HomePublicationsMagazines and NewslettersE Update January 2019

E-Update January 2019

Publication Date: 
Thursday, January 31, 2019
Publication Type: 
Available (Newsletter)

Welcome to the first e-update of 2019! Towards the end of 2018 our Sixth East Asian Seas Congress saw delegates from throughout the region and the world congregate in Iloilo City to discuss how to secure healthy and sustainable oceans, people, and economies, and how to move as one with the global ocean agenda. Many of the proceedings from that event are now available.

Officially released during the Congress was our book Local Contributions to Global Sustainable Development Agenda: Case Studies in Integrated Coastal Management in the East Asian Seas RegionThis contains case studies from throughout PEMSEA's 25 years. Read how two cases have improved ecosystem health.

Following cleanup and rehabilitation efforts in Boracay, an ambitious attempt to clean Manila Bay was launched late this month by the Philippine Government, led by the Department of Environment and Natural Resources. Internationally, efforts to reduce pollution spurred the creation of the Alliance to End Plastic Waste, whose members are global companies from throughout the plastic supply chain.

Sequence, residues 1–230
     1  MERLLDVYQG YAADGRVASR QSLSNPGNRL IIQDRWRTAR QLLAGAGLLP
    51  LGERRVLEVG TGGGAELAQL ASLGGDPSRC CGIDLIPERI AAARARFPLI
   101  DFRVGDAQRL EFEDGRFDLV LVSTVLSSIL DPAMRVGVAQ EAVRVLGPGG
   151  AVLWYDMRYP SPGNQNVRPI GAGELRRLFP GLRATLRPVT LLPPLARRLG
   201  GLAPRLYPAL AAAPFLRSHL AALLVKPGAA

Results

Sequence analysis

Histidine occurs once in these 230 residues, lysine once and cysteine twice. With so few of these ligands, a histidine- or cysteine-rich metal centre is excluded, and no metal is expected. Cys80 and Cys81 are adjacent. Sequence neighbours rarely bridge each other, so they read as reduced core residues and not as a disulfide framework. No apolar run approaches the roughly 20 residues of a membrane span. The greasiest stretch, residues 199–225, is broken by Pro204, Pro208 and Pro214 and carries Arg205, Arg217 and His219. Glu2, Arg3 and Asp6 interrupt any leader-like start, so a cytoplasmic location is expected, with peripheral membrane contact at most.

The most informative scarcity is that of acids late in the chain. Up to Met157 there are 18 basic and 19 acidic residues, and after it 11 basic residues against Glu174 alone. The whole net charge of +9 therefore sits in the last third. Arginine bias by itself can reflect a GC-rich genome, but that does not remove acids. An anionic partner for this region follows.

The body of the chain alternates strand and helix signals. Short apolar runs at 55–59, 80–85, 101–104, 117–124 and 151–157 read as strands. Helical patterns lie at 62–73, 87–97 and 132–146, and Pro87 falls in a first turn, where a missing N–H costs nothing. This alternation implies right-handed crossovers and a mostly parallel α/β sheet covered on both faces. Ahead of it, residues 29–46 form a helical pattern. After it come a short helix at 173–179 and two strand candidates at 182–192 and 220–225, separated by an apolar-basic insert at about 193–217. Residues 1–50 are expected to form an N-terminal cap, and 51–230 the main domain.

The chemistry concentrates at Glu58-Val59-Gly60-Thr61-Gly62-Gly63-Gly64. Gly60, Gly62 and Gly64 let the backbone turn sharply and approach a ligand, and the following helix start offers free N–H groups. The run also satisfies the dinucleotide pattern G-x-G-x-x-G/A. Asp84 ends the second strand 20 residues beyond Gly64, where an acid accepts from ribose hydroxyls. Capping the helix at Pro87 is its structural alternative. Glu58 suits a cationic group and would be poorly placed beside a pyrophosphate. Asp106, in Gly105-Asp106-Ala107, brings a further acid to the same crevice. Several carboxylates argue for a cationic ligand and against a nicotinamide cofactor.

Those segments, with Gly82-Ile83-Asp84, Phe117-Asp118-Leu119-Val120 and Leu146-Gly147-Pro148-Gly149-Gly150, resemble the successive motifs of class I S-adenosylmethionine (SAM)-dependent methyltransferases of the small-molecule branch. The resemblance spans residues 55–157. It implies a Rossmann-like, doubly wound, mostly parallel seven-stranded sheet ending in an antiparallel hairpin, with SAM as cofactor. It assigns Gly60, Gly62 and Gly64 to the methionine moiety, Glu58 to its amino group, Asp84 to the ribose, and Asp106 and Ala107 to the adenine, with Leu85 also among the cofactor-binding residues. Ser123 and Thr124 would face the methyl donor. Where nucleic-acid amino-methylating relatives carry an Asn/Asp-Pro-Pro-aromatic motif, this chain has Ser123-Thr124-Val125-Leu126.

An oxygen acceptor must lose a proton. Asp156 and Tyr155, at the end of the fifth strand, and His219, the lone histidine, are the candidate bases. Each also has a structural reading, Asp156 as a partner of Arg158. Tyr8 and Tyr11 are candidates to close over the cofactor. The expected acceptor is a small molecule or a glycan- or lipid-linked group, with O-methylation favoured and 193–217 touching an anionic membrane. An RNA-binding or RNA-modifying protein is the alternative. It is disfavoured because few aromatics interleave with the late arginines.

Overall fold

The importance of ensuring ocean use is sustainable was highlighted by China's huge increase in seafood consumptionduring 2018. Actions in the region to tackle illegal threats to biodiversity are having an impact, as China cracks a totoaba smuggling ring, while Indonesia looks to extend its anti-IUU fishing enforcement capabilities, and the Marine Stewardship Council works on potential changes to its fisheries evaluation such as taking into account shark finning.

Research on the impact of climate change continues, with new research suggesting that as the oceans reach the end of its thermal buffering warming will increase and sea level will rise 30cm this century. Current pledges fall short of what is needed to meet the Paris Agreement. In light of the growing impact of climate change, the World Bank is increasing finance for climate resilience. Lessons can be learned from the Indonesian response to the Sunda Strait tsunami, which was carried out through pre-existing capacity.

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